Tilley has since shut down his candidate committee and, like Jones, transferred the money to a PAC. His is called MO Majority.
Former state Sen. Paul LeVota, who resigned in 2015 after being accused of sexual harassment by former interns, transferred more than $100,000 from his campaign account into a PAC he started called Leadership for Missouri.
Under state law, the money in these PACs can’t be converted to any personal use. Neither Tilley’s nor LeVota’s PAC appears to be engaging in the type of spending that Jones’ PAC does. But critics say spending by Jones’ Leadership for America dances on the edge of what the law allows.
For example, Leadership for America spent $1,400 at golf resorts in Missouri, Colorado and Florida from July through September this year. Each was labeled on the PAC’s disclosure reports to the Missouri Ethics Commission as a “grassroots expense” or “travel expense.”
In July, the PAC spent $913 at Pierpont’s at Union Station, which dubs itself “Kansas City’s premier steakhouse and seafood restaurant.” It spent $238 at House of Cigars the same month, labeled as a “fund-raising expense,” and $468 at the Waldorf Astoria Chicago in August.
Also listed as a “grassroots expense” on disclosure forms was nearly $4,000 spent by the PAC in September at Vivid Seats, an online ticket reseller, and $1,200 on St. Louis Cardinals tickets in April.
So far this year the PAC has spent around $5,500 on miscellaneous travel expenses and $3,600 on airfare.
It also paid $200 for a membership in the Republican National Lawyers Association. Jones is an attorney.
This isn’t the first time Jones has been criticized for his campaign spending.
During his time in the legislature, Jones regularly caught flak for accepting gifts from lobbyists — meals, sporting event tickets, travel — and then repaying them using campaign money. The practice can make it more difficult to track lobbyist spending, and has been criticized as an attempt to use campaign cash for personal benefit.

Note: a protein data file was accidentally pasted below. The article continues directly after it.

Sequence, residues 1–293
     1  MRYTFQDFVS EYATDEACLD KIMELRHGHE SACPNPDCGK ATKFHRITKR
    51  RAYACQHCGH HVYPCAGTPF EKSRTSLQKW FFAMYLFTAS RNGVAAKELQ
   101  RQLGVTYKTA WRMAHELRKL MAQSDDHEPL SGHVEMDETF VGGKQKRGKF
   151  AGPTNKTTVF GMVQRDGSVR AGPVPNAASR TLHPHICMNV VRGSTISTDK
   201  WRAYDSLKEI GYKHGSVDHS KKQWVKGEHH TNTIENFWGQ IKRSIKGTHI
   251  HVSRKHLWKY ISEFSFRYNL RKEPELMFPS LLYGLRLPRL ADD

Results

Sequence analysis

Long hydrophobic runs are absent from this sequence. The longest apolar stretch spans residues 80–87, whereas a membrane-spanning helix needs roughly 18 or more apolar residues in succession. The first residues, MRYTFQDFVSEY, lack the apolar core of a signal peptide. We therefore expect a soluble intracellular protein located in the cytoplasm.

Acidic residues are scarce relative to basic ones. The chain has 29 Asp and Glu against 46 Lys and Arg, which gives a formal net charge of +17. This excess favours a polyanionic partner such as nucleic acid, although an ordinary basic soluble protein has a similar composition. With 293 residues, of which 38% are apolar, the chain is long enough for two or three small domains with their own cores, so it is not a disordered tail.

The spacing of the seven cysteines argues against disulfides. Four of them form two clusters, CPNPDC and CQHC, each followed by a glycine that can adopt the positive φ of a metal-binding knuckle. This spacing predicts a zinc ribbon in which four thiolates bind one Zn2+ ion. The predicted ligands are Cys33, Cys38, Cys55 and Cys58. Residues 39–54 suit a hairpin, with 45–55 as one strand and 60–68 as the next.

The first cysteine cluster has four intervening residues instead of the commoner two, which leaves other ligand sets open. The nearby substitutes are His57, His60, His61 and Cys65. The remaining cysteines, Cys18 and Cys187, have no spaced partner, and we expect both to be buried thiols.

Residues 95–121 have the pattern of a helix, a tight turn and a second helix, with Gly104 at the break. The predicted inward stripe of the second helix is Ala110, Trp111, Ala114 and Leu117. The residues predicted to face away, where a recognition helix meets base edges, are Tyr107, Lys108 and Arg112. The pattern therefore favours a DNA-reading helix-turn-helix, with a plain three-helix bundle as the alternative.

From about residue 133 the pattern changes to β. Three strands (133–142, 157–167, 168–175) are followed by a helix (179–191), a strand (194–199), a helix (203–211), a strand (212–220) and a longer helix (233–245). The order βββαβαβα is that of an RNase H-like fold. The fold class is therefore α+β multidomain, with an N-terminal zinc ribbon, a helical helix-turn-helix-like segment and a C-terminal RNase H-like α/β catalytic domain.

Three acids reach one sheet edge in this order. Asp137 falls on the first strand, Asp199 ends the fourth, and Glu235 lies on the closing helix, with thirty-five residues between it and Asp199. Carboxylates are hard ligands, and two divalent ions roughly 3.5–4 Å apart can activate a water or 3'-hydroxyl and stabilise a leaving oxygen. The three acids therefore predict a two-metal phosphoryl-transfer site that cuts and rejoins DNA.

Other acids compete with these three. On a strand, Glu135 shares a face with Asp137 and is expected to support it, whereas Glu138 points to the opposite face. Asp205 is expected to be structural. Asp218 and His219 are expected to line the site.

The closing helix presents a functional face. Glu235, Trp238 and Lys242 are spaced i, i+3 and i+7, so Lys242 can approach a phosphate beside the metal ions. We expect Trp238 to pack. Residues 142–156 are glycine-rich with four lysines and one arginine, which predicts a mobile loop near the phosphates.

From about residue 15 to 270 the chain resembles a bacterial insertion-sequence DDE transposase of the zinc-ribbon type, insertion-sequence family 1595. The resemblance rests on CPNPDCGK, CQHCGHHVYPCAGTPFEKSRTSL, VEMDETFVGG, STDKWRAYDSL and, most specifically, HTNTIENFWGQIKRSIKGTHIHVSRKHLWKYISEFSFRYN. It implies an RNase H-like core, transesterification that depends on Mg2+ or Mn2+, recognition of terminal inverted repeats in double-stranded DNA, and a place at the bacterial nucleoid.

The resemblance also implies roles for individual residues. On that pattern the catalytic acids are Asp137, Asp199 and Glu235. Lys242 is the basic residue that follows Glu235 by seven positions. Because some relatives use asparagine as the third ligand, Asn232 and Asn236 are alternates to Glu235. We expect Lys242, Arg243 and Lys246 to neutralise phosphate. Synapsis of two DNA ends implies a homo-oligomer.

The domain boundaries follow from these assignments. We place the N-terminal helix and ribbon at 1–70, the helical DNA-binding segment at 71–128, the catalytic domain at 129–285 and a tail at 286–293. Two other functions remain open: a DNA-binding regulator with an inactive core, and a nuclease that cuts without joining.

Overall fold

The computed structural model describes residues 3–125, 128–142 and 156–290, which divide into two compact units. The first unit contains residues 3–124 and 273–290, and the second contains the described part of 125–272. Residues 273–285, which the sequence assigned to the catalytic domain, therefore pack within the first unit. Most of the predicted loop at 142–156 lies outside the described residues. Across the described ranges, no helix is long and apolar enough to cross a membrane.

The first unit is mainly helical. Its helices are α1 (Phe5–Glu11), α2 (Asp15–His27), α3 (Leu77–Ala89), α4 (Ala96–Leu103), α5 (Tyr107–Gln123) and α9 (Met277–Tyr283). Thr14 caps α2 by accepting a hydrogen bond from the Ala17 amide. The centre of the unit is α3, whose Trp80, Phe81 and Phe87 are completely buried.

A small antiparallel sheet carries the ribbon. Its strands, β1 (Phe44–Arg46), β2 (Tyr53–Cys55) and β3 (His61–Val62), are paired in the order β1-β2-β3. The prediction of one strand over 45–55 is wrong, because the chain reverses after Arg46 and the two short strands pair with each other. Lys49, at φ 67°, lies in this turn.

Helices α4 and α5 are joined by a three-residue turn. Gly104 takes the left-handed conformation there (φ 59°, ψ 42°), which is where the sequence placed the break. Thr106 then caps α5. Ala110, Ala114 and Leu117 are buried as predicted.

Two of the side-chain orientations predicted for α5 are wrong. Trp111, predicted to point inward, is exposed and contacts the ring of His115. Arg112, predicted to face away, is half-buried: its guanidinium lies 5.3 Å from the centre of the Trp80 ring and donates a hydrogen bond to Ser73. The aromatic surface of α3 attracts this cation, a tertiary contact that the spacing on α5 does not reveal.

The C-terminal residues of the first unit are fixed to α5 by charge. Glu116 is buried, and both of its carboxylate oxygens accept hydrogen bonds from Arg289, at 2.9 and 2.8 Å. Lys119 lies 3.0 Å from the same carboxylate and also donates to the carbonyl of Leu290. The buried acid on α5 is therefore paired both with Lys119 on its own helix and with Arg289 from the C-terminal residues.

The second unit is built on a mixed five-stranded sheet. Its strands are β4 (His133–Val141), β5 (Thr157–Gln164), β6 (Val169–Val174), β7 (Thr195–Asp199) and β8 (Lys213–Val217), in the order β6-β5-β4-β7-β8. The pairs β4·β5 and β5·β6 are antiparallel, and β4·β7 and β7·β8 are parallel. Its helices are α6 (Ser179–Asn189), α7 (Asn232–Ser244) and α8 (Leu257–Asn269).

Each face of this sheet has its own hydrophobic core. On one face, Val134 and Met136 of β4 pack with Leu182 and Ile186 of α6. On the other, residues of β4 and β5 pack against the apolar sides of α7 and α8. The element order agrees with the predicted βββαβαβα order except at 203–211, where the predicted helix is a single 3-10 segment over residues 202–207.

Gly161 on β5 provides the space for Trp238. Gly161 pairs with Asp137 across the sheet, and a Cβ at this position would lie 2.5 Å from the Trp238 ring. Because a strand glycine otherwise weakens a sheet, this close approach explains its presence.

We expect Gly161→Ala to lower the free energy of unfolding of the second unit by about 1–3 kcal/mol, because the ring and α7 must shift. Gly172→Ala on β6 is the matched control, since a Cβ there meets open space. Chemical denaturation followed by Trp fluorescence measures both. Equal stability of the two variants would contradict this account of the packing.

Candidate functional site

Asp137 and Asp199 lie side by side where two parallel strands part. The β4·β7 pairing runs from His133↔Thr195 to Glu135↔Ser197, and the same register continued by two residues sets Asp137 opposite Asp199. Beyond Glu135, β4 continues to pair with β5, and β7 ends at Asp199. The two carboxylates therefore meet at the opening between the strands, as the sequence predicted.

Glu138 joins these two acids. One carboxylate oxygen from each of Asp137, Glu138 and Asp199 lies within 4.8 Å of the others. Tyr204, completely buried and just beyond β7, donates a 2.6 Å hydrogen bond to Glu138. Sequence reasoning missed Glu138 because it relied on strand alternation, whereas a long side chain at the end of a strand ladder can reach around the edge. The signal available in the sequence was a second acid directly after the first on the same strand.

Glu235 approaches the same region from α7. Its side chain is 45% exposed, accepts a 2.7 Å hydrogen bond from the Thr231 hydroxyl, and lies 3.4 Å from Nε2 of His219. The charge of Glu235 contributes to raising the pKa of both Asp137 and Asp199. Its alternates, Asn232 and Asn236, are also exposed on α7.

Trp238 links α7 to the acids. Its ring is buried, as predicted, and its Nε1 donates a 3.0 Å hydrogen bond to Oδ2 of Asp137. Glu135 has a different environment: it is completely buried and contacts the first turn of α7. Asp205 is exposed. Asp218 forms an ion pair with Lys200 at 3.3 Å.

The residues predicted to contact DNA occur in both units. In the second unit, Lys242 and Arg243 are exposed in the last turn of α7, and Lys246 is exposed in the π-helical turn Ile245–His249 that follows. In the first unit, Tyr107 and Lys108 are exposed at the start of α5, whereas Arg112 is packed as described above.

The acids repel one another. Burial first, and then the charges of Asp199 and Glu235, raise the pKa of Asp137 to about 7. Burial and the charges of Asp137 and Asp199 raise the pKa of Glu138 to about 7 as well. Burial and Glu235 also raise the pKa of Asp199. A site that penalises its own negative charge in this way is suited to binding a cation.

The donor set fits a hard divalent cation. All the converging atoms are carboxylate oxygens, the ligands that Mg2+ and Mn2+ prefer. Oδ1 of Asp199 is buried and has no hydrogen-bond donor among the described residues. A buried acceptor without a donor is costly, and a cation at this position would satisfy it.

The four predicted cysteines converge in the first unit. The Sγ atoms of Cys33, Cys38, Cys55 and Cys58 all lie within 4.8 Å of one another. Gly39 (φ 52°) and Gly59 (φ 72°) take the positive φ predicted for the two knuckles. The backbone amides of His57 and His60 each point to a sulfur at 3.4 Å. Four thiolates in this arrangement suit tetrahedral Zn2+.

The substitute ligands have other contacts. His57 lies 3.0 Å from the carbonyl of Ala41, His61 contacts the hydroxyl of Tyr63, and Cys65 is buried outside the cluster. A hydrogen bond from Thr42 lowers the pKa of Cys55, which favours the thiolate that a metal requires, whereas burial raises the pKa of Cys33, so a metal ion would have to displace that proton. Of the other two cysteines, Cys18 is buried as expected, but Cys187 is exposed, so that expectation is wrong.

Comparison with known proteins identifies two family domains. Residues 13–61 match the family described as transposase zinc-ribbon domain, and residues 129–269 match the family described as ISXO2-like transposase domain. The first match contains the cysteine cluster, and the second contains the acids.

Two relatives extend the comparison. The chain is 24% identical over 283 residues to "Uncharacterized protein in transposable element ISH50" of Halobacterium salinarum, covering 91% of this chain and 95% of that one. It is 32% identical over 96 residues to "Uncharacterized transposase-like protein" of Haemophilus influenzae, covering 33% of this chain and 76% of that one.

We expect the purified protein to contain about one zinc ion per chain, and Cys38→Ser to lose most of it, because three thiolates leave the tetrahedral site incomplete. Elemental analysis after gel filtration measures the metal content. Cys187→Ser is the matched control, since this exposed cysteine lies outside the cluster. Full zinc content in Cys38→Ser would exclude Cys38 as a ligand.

Hedge fund investment
Leadership for America started the year with about $656,000.
It received no contributions this year and has spent more than $140,000. Yet it reported having $864,000 on Sept. 30.
The increase stems from Leadership for America’s earning hundreds of thousands from an investment in a hedge fund managed by an Austin, Texas-based company, LRT Global Opportunity LP.
The firm is run by Lukasz Tomicki, a former longtime consultant with Pelopidas LLC, the St. Louis lobbying firm connected to Republican mega donor Rex Sinquefield. Jones works as director of political communications at First Rule Media Network, a division of Pelopidas.
Lawmakers voted to prohibit candidates from using campaign funds for this type of investment in 2016, arguing that campaign contributions are supposed to be used in political campaigns, not as a mechanism for investments that perpetuate the campaign bank account.
According to the Missouri Ethics Commission, no similar prohibition exists for PACs that aren’t associated with candidates.
Leadership for America began the year with roughly $353,000 invested in LRT Global. As of Sept. 30, the PAC reported that the investment totaled about $700,000.
The PAC is benefiting, Smith said, from a savvy investment strategy and a booming stock market.
“The market is doing great,” he said.